What the Orioles would look like if the season started today

With spring training underway, the start of the 2014 MLB season is inching closer and closer. March is upon us, which means we're less than a month away from the Orioles' opening day, March 31.

After a winter that was disappointingly quiet up until two weeks ago, Baltimore made their presence felt in the free-agent market, signing starting pitcher Ubaldo Jimenez and the power-hitting Nelson Cruz.

We all know that spring training brings competition, especially with a skipper like Buck Showalter at the helm. But with that in mind, if the Orioles took the field tomorrow, what would the team look like?

Starting Lineup

1. Nick Markakis, RF

2. Manny Machado, 3B

3. Adam Jones, CF

4. Chris Davis, 1B

5. Nelson Cruz, DH

6. J.J. Hardy, SS

7. Matt Wieters, C

8. David Lough, LF

9. Ryan Flaherty, 2B

The Orioles arguably had the best lineup in the American League East before they added Nelson Cruz, who brings a threatening presence to the DH spot that was missing from the Orioles' other options.

And with that hole filled, the majority of the starting positions are, for all intents and purposes, locked up. The two exceptions are in left field and at second base.

I penciled Baltimore newcomer David Lough into the starting lineup in left field, but expect this spot to be a platoon shared between Lough and Nolan Reimold. If Reimold is healthy (which, let's face it, is by no means a sure thing), then he and Lough should split time in left field until one of them proves to be the better everyday option.

Lough bats from the left side of the plate and Reimold from the right, so matchups will most likely dictate who plays on which day, at least for the start of the season.

And with Brian Roberts now a member of the New York Yankees, the only other question mark in the starting nine is at second base. Rumblings coming from O's spring training in Sarasota, Fl., seem to indicate that, as of right now, Ryan Flaherty will get a chance to win the job. But a good spring from Oriole prospect Jonathan Schoop (who the team is extremely high on) or offseason acquisition Jemile Weeks could change that.


Nolan Reimold, OF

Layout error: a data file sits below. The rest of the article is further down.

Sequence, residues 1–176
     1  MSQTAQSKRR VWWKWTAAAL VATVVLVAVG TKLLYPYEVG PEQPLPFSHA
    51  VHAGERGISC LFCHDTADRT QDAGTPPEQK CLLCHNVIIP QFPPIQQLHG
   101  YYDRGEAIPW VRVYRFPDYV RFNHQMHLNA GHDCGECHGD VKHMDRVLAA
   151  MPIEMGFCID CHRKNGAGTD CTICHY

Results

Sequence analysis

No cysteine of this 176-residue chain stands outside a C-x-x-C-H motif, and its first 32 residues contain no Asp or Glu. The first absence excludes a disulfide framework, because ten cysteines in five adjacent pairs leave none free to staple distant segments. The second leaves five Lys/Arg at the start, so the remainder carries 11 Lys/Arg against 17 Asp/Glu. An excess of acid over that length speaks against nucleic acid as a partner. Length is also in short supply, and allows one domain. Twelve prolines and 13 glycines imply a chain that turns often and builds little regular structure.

Steve Clevenger, C

Michael Almanzar, 1B/3B

Jonathan Schoop, 2B

Spring training is vital in the construction of a good bench, so this list could easily contain totally different names by the time the Orioles migrate back to Baltimore from Sarasota. There will be a lot of quality players looking to land a supporting role on this team come Opening Day.

Like I said before, I fully expect Reimold to be on the Opening Day roster if healthy. And while young backstop Johnny Monell will be given a chance to prove himself this spring, it seems a safe bet that Steve Clevenger will be Baltimore's backup catcher to start the season.

Then there's the case of Michael Almanzar. He's a corner infielder that the Orioles took in this year's Rule 5 draft, and is a hitter who shows a lot of promise. The only problem he presents is that, since he's a Rule-5 pick, he must either stay on the 25-man roster all season long or be released by the Orioles.

That means that the minor leagues are not an option for the O's when it comes to Almanzar; it's either keep him on the big-league team or let him go. And if the past is any indication, the Orioles will give Almanzar every chance they can to stay with the club, as they have with past Rule-5 selections (Ryan Flaherty, T.J. McFarland).

So, unless he has a horrendous showing this spring, expect Almanzar to be on the O's bench, whether he's the best option or not.

And if Flaherty does indeed get the nod as the starting second baseman, then Schoop and Weeks will find themselves competing for the backup job. Schoop has been in the Orioles' farm system for years, and made an impression in his one week in the big leagues last year in September. I would think its his job to lose, but Weeks does pose a legitimate threat if he has a better spring.